Bringing a song to life in the studio requires careful consideration of several moving parts and how they interact. The more instruments, layers, and effects you add, the more complex the production becomes. It doesn’t take long to rack up stems in the double or triple digits. You might wonder how producers end up with a finished product that coheres and clarifies every mix element. Beyond the more technical aspects of mixing with EQ, compression, panning, etc. are two simple buttons every engineer should know about: mute and solo.
Why Mute and Solo are Important
We’ve used this analogy before, but let’s think of a song or mix as a dish. The best recipes are full of various ingredients that, on their own, might range from bland to overbearing. But when combined, stirred, and baked, they add something important to the whole. Of course, when cooking, it’s easy to get measurements wrong. And more often than not, it’s too late to go back and fix mistakes in the recipe. Imagine being able to take your completed dish and magically adjust your earlier steps to improve the result. Fortunately, with music production, you can go back and examine each individual part whenever you like by using the mute and solo buttons.
If you’ve read some of our previous posts, such as “what is mixing?“, you know that context is key when mixing. In that case, muting and soloing tracks seems sacrilegious. The mix must sound great as a whole, so why worry about an individual track devoid of contact? While proper mixing must take place with all elements in mind, some tweaks are better made alone. For instance, you’ll want to solo a track to check how it’s affected by slight changes in EQ or compression. Or, consider pitch correction on a vocal track. You’ll eventually want to hear how minor vocal adjustments sound against the rest of the song. But when making these small changes, sometimes soloing the vocal track is necessary or helpful to fine-tune.
This also goes for other mix adjustments, from adding compression to drum hits to syncing up guitar notes. Muting and soloing gives you the auditory space to hone in on a specific task before jumping back into the big picture.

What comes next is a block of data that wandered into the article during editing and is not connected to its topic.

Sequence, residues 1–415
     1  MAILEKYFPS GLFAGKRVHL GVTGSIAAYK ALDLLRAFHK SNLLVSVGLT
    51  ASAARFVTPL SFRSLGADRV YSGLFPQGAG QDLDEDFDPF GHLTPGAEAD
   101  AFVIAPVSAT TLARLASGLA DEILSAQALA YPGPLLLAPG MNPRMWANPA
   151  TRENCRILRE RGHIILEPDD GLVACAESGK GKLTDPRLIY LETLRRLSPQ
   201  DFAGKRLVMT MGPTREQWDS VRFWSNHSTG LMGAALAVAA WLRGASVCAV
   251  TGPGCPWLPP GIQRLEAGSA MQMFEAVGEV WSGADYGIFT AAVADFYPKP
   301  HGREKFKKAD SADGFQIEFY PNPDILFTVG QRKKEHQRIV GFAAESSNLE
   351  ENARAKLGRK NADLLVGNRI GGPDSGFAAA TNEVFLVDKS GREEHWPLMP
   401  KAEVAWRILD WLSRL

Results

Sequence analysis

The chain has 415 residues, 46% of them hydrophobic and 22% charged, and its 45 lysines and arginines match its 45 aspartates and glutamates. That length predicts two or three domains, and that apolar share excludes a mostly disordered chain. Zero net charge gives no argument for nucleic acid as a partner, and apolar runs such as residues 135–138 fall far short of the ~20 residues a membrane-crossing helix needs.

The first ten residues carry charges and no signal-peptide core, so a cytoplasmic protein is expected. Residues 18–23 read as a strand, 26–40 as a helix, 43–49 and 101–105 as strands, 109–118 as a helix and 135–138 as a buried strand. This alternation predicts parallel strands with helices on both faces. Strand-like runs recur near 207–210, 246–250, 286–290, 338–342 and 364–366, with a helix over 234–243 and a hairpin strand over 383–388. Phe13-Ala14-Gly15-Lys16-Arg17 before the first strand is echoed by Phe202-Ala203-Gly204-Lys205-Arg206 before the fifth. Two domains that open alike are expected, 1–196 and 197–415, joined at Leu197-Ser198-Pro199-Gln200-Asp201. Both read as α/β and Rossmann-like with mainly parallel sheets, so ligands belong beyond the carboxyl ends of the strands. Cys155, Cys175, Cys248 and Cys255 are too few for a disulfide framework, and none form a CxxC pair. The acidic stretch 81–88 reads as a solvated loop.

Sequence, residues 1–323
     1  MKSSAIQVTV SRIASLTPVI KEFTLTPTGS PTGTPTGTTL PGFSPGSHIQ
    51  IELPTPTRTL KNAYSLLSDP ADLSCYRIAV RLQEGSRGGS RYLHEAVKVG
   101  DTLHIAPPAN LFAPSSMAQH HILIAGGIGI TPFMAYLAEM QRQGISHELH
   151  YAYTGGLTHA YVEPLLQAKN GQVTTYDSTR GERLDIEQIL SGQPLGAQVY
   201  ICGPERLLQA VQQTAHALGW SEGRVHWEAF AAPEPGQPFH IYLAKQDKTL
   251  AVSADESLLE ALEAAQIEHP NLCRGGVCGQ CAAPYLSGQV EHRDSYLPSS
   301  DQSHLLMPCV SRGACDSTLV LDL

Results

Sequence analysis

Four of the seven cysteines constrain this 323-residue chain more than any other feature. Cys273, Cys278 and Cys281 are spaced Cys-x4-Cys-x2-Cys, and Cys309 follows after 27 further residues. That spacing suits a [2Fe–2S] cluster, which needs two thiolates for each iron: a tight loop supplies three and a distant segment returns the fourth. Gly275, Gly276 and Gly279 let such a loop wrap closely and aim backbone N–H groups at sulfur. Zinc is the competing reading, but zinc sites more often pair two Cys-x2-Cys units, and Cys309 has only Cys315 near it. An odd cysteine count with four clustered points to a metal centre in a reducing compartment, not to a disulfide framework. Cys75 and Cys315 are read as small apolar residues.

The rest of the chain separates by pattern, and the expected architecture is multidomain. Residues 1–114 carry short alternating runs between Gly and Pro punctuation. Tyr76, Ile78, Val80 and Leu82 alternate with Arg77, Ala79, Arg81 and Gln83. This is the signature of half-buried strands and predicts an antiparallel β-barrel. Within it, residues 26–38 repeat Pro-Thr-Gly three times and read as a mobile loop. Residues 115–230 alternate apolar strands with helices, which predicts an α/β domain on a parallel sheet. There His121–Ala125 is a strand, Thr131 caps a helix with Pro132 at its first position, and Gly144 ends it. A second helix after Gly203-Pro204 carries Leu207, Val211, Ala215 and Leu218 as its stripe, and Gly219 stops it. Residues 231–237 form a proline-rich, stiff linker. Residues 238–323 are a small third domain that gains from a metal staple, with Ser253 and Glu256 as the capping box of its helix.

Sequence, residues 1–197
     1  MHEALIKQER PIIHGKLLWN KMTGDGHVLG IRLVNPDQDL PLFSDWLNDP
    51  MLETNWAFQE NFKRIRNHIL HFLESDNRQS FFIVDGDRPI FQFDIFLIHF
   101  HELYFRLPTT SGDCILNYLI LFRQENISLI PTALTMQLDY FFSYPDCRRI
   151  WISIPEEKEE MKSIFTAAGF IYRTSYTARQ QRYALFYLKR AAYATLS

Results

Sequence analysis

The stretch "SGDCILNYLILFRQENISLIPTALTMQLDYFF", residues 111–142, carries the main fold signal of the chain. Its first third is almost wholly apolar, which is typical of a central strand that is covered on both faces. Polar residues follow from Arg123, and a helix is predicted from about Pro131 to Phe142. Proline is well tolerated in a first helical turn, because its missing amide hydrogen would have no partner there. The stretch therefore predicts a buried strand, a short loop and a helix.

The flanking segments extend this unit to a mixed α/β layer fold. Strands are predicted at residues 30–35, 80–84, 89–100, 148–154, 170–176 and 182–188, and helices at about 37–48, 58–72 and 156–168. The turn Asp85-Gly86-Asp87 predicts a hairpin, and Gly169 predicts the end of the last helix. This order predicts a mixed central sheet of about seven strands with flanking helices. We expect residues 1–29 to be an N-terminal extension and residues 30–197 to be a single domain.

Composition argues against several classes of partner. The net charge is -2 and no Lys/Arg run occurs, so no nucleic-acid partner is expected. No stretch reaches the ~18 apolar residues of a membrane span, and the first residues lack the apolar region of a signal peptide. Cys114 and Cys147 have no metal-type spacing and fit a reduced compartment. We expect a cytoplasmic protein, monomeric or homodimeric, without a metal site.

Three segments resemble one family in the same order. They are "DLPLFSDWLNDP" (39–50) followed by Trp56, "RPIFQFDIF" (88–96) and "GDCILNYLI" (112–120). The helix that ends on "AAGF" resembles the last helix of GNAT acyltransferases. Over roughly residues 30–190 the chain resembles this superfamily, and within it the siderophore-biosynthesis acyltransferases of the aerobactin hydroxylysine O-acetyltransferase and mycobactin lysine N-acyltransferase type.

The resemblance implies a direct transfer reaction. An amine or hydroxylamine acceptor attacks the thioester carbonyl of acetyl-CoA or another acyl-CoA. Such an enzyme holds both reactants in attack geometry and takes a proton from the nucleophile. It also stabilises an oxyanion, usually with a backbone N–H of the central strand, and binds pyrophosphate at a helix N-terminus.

Using Mute and Solo Sparingly
Just because mute and solo serve important roles doesn’t mean they should be overused. There are proper times and places for these features, and knowing when and what they are will enhance your mix greatly.
Performances and Creative Choices
The mute and solo buttons can be used to foster creativity during recording and mixing. For instance, most vocalists will record alongside the entire mix so they can perform in full context. However, muting secondary arrangements can help the singer focus and tune better. Or, soloing a single track (say, drums or bass) can yield unique results when recording vocals or other instruments. Some producers might want to record alternative vocal takes with less going on in the monitors just to note any differences in performance. These differences can function as layers or replacements if they turn out better than the originals. Muting and soloing sections allow the performer and producer to hear new melodies, polyrhythms, and possibilities that might otherwise be covered up.
While mute and solo can and should be used during recording, they’re even more useful during mixing. Here is where context comes back into play. However, this time we don’t mean the entire mix, but rather smaller chunks of the mix. Perhaps the most powerful use of mute and solo is the ability to inspect the interactions of mix elements more closely and unencumbered by the rest of the song. When you have 50+ tracks to deal with, you’ll have a hard time hearing how the drums and bass line get along unless you cut away the rest of the noise and just solo those two elements. These two buttons help you make pinpoint decisions, whether it’s figuring out how to make the lead guitar stand out against the rhythms or adjust EQ among the high-frequency tracks (cymbals, vocals, etc.).
Solo Doesn’t Necessarily Mean Single
If it wasn’t just made clear, the solo button doesn’t just let you hone in on one track but a selection or group of tracks. Conversely, muting will temporarily cut the sound from whichever track or group of tracks you don’t want to hear when mixing. Understanding this can really help when you have busses and groups in your mix. Rather than muting every drum element, for instance, you can mute the drum bus. Of course, if you only wanted to hear the snare against the rest of the song, you could simply solo the snare on the drum bus.
Sometimes the more unassuming features are in fact the most powerful tools. This certainly holds true for the mute and solo buttons. The more time you spend recording and mixing, the more you’ll find yourself using these buttons for a variety of purposes. If used properly, muting and soloing offer the best ways to isolate mix elements, uncover new creative avenues, and make important adjustments for groups of tracks.
And one last thing: remember that the solo button overrides the mute button. So if you want to keep a track quiet, make sure only the “M” is pressed and not the “S” as well!
About the Author
Ethan Keeley is a musician, voiceover talent, and writer from Rochester, New York. When he's not on tour with his band Unwill he's working on new songs and stories.
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